We gathered in a field southwest of town,
several hundred hauling coolers
and folding chairs along a gravel road
dry in August, two ruts of soft dust
that soaked into our clothes
and rose in plumes behind us.

By noon we could discern their massive coils
emerging from a bale of cloud,
scales scattering crescent dapples
through walnut fronds,
the light polarized, each leaf tip in focus.

As their bodies blotted out the sun,
the forest faded to silverpoint.
A current of cool air
extended from the bottomlands
an intimation of October,
and the bowl of sky deepened
its celestial archaeology.

Their tails, like banners of a vast army,
swept past Orion and his retinue
to sighs and scattered applause,
the faint wail of a child crying.
In half an hour they had passed on
in search of deep waters.

Before our company dispersed,
dust whirling in the wind,
we planned to meet again in seven years
for the next known migration.
Sunlight flashed on windshields

and caught along the riverbank
a cloudy, keeled scale
about the size of a dinner plate,
cool as blanc de Chine
in the heat of the afternoon.

- Devin Johnston

Fragment from John Ashbery

“…Summer is all about being a season.
I’m not sure I can take too much more
of it, but while it lasts I’m along
for the ride. I’d be a jerk
not to be especially since there’s no
alternative, it just keeps coming,
and we take it in, like a barn accepting
bales of hay from a hay wain, until
they’re gone. That will have to do.
Besides (did I mention it?), I’m tired.
This day’s a wrap. Others will happen along,
maybe fall in love with one. But that’s another story.
We’ll find a new wand, horizons will be bright
and anxious. A friend will give us
what we’re owed and something extra,
something we couldn’t have imagined,
a space like a dream.”

- John Ashbery


Hide what is far from my eyes,
pale fog, impalpable gray
vapor climbing the light
                    of the coming day,
after the storm-streaked night,                    
the rockfall skies…

Hide what has gone, and what goes,
hide what lies beyond me…
Let me see only that hedge                    
at my boundary,
and this wall, by whose crumbling edge
                    valerian grows.

Hide from my eyes what is dead:
the world is drunk on tears…
Show my two peach trees in bloom,
                    my two pears,
that spread their sugared balm
                    on my black bread.

Hide from my eyes lost things
whose need for my love is a goad...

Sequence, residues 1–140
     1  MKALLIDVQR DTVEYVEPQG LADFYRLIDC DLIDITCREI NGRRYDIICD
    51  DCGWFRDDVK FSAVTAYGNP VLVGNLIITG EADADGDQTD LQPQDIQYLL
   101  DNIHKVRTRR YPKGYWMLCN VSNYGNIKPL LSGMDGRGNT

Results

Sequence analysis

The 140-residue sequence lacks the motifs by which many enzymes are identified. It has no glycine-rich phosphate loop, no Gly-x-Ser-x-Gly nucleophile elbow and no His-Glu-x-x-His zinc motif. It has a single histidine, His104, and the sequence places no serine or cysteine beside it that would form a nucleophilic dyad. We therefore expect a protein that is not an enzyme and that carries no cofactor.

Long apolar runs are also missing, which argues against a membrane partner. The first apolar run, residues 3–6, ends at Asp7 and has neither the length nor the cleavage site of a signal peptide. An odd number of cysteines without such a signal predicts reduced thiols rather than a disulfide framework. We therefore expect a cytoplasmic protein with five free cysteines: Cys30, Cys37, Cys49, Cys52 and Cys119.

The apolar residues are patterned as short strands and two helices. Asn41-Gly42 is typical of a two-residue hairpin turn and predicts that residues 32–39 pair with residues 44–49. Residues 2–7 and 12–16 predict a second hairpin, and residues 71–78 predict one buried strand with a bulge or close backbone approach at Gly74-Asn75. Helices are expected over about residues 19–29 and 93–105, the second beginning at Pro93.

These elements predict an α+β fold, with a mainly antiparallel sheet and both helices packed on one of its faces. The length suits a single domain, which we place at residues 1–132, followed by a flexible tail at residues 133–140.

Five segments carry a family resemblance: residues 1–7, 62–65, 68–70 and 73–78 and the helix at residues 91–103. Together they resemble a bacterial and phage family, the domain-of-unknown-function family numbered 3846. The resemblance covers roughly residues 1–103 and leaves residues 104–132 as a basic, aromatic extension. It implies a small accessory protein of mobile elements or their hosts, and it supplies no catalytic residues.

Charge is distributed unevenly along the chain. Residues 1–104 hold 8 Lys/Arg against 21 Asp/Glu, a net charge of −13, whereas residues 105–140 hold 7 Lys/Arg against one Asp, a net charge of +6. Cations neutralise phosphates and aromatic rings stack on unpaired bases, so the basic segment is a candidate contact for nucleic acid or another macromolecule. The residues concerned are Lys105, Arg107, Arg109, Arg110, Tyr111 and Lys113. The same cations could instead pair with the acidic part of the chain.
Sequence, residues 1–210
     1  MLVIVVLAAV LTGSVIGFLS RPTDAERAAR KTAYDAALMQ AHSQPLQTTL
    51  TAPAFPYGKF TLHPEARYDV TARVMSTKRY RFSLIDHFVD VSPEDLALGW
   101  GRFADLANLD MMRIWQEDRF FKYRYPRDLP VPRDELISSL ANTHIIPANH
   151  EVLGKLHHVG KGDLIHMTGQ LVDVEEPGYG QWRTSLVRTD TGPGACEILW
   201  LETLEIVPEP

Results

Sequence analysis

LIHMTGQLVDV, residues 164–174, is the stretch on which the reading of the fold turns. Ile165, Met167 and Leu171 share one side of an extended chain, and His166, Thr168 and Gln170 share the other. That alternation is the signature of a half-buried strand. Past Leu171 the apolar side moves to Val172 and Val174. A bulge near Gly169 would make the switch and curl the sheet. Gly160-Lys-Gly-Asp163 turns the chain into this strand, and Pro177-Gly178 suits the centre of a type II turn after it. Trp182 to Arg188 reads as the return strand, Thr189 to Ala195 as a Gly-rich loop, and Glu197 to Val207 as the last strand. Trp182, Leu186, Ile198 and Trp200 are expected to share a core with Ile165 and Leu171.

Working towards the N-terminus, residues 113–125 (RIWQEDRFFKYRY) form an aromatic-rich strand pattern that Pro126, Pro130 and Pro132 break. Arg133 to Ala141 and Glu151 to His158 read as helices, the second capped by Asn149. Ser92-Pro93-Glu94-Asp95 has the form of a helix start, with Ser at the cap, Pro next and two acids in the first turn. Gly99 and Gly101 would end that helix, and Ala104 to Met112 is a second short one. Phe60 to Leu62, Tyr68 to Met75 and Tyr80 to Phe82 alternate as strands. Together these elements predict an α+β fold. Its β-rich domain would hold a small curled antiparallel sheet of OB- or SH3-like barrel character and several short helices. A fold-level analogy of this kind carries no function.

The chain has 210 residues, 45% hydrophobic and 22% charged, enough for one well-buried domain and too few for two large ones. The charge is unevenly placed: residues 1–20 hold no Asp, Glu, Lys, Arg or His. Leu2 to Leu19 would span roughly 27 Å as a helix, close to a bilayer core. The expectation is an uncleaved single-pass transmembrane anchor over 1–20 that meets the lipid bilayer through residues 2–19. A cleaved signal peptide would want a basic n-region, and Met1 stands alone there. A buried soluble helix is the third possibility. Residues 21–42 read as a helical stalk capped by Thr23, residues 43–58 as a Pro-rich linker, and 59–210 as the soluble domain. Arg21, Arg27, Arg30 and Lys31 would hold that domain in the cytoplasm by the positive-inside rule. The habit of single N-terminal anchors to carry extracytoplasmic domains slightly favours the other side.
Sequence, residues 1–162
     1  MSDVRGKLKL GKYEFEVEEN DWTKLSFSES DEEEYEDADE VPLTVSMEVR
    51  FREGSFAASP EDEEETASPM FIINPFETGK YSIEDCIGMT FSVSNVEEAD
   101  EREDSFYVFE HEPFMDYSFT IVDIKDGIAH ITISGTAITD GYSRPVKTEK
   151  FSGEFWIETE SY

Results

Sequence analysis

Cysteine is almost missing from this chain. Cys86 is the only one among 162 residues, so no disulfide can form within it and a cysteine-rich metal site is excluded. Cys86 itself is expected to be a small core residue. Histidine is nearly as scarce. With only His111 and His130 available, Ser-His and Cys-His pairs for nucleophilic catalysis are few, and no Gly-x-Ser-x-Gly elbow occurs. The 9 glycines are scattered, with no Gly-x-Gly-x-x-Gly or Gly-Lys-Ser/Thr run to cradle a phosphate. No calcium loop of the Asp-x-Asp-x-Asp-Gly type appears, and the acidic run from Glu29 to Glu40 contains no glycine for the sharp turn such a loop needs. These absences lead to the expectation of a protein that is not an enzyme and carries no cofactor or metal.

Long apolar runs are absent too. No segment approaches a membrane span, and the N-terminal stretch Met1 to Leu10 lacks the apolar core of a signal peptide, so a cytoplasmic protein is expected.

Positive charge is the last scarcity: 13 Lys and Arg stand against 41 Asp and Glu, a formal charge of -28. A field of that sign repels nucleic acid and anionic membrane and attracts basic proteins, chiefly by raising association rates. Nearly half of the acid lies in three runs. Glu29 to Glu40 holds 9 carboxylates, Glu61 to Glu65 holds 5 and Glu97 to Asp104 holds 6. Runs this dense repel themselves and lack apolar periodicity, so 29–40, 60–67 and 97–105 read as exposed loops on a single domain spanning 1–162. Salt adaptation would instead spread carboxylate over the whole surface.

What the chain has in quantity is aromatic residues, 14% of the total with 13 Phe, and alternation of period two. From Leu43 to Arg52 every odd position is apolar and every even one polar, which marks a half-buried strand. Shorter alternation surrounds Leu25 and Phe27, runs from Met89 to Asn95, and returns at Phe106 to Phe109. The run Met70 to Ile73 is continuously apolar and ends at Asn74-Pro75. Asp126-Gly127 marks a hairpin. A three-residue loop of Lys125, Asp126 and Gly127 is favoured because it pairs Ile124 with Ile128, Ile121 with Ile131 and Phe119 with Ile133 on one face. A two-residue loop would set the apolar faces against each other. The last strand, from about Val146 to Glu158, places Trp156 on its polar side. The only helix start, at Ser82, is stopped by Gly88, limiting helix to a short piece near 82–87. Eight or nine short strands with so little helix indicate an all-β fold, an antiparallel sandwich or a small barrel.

Let me see only the white
                    of the stone road –
I too will ride it some night
                    as a tired bell rings.

Hide the far things – hide
them beyond the sweep of my heart...
Show only that cypress tree,
                    standing apart,
and here, lying sleepily,
                    this dog at my side.

- Giovanni Pascoli, trans. from Italian by Geoffrey Brock


We didn’t hold typhoons or tropics in our hands.
I didn’t reach across the table on our first date
at Cornelia Street Café. In my humid pockets,

my fists were old tennis balls thrown to the stray dog
of love bouncing toward the Hudson down
to South Ferry. We didn’t hold hands in that cold

October wind, but the waves witnessed our promise
to return to my cratered-deforested homeland,
and you to your parents’, sometime in the future.

No citizenship or some other violence in our countries
(separated by the Pacific, tied by the latitude
of dragon fruits, tamarinds, mangosteens) was why

we couldn’t, and can’t, return for now. Then, us
in the subway at 2 am, oh the things I dreamt: a kiss
to the back of your neck, collarbone, belly-button, there—

to kneel and bow my head, then return to the mole
next to your lips and taste your latitude together.
Instead, I went home, you touched my cheek,

it was enough. I stood, remembering what it’s like
to stand on desert dirt wishing stars would fall
as rain, on that huge dark country ahead of me.

- Javier Zamora

In Passing

On the Canadian side, we’re standing far enough away
the Falls look like photography, the roar a radio.

In the real rain, so vertical it fuses with the air,
the boat below us is starting for the caves.

Everyone on deck is dressed in black, braced for weather
and crossing against the current of the river.

They seem lost in the gorge dimensions of the place,
then, in fog, in a moment, gone.
In the Chekhov story,
the lovers live in a cloud, above the sheer witness of a valley.

They call it circumstance. They look up at the open wing
of the sky, or they look down into the future.

Death is a power like any other pull of the earth.
The people in the raingear with the cameras want to see it